Richard WillisRichard WillisMarch 25, 2019
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7min83

According to Forrester, over the next five years western European online retail sales will grow at over three times the rate of total retail sales.

What’s driving this growth?

It comes as no surprise that consumers’ adoption of digital devices, particularly smartphones, plays a substantial role. With Forrester estimating that 84 percent of online adults in the UK, France, Germany, Italy, and Spain use smartphones, always-connected consumers will continue to drive online retail sales across Europe.

But when it comes to ‘m-commerce’ – with the purchase actually being transacted on a mobile device – its promises always seem to lie just around the corner. For a number of years we’ve seen retail predictions that this is the year for mobile, but has it ever really come true? And will 2019 be any different?

At the risk of joining in with the crystal ball gazing, 2019 may mark a watershed in mobile retail – but only if retailers can seize the opportunity that is now on offer.

The mobile opportunity

No one claims that mobile will surpass other retail channels in terms of conversions in the foreseeable future. In-store, where consumers can examine items and talk to knowledgeable sales assistants, still provides a unique experience and should never be compromised; meanwhile, traditional online retail presents the shopper with enormous choice on an easily viewed browser.

But mobile does have a key role to play in shoppers’ experience. Whilst our recent research showed 11 percent of UK shoppers planned to use mobile as their preferred channel in the run-up to Christmas 2018, it also revealed that of those using mobile, almost 40 percent were using it to look for inspiration for gifts rather than make the actual purchase.

We also found that just under a third of shoppers planned to use mobiles to check online prices while in-store (the old ‘showrooming’ phenomenon). This insight is supported by figures from Deloitte’s annual UK mobile consumer survey, which reveals the rising influence of smartphones on retail sales – including how 84 percent of millennials claim to use their phones for shopping assistance while in a store.

How to keep shoppers coming back

It’s clear that mobile is a large and increasingly important part of the Customer Experience journey. The challenge for retailers – and their great opportunity – is ensuring that the mobile experience is easy to navigate and consistently fantastic, whether shoppers are making purchases, looking for gift inspiration, or comparing prices.

Retailers might think that the best way to turn browsing into sales is by offering something that others don’t – and to some degree they’re right. But getting the basics correct counts for much more than a gimmick.

According to Forrester, smartphone-savvy consumers have high expectations for mobile experiences, with 61 percent of shoppers more likely to return to a website if it is mobile-friendly.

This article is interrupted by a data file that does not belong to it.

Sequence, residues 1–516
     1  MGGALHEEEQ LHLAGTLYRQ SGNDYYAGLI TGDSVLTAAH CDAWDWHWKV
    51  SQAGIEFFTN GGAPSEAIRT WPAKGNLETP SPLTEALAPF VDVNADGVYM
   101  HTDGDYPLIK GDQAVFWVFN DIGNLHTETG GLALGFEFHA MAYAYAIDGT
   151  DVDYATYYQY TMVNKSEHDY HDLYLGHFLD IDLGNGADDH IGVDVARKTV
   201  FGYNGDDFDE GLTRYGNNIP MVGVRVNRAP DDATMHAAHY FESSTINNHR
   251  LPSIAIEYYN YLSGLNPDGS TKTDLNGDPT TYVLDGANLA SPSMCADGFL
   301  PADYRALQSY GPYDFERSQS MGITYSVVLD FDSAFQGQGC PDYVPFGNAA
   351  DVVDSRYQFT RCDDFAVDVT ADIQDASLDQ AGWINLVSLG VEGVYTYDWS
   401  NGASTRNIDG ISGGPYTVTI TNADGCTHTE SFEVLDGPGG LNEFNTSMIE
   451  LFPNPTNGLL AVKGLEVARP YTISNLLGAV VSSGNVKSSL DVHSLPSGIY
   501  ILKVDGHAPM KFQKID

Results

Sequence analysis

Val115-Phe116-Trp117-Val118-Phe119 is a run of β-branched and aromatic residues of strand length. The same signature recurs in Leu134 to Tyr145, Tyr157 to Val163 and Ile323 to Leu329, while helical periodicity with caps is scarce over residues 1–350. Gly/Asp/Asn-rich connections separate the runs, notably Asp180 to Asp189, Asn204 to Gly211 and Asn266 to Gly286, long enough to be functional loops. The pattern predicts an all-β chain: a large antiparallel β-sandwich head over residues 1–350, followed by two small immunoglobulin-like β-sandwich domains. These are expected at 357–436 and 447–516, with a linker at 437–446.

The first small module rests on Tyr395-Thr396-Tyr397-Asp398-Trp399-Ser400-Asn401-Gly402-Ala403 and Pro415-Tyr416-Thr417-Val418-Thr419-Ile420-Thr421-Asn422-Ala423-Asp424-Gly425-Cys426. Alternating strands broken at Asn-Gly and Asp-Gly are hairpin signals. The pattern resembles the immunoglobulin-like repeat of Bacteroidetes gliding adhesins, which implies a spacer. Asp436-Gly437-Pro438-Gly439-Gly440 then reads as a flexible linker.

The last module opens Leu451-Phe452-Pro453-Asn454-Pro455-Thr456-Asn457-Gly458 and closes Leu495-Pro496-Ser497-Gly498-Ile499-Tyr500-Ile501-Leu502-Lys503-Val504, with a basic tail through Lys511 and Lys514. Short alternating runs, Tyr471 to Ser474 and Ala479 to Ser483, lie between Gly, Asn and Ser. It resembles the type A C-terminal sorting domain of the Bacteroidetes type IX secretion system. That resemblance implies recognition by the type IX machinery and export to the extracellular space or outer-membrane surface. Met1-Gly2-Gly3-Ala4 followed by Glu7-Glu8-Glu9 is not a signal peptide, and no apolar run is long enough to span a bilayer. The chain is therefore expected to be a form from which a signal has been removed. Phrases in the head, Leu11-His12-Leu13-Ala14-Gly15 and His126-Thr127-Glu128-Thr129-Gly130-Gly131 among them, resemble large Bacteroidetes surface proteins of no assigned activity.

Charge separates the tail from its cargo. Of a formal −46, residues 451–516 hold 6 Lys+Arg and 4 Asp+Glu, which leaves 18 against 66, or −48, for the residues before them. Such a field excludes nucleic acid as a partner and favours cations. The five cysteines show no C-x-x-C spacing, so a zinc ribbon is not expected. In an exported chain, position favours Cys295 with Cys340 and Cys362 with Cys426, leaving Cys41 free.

What steps can retailers take to ensure their mobile sites keep shoppers coming back?

For starters, m-commerce sites should be optimised for every device and mobile OS. Differences in screen size and resolution, button placement, or operating system can have a huge effect on the mobile experience. Retailers often claim that they optimise their websites for every device, but do they take into account the small factors which can have big consequences on the path to purchase?

One example is placing the checkout or ‘Buy Now’ button in the space where push notifications usually appear. This could lead to the user becoming distracted or accidentally clicking out of the purchase – perhaps a small problem but one which, multiplied by thousands of users, could severely affect sales.

Another key consideration is designing websites to be mobile-first. Many websites carry a large amount of content that is right for bigger screens, such as long blogs, videos, or interactive content. Mobile-first sites, on the other hand, need to be crisp, clear, uncluttered and easy to navigate, with visuals specifically designed for mobile devices.

Finally, we would urge retailers to think about devices holistically. M-commerce is about much more than buying something through your device’s browser. An effective strategy should embrace loyalty apps with a range of functions that optimises navigability, provides a variety of services, and boosts loyalty. This could include self-service options such as checking availability and setting up click-and-collect delivery options, or providing product reviews, social integration and single-click ordering.

By adopting a thorough m-commerce strategy, retailers have a unique opportunity to do much more than just operate another sales channel. Providing a great mobile experience will differentiate retailers in a crowded market and make them the first choice for the generations who were practically born with a mobile device in their hand, whilst also appealing to the masses that are always shopping. And, unlike many of the premature promises about mobile, this future is tantalisingly close.


Paul AinsworthPaul AinsworthMarch 21, 2019
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3min214

A new report has found that 20 percent of marketing and CX professionals feel they will “never truly understand” their customers’ buying decisions.

The study from analytics firm Clicktale, titled Defining Digital Experience, states that part of the reason for this is due to 34 percent of marketers and CX professionals being unable to unite data between their web and mobile-optimised sites to create a single customer view, while 39 percent struggle to unite data from their websites and mobile apps.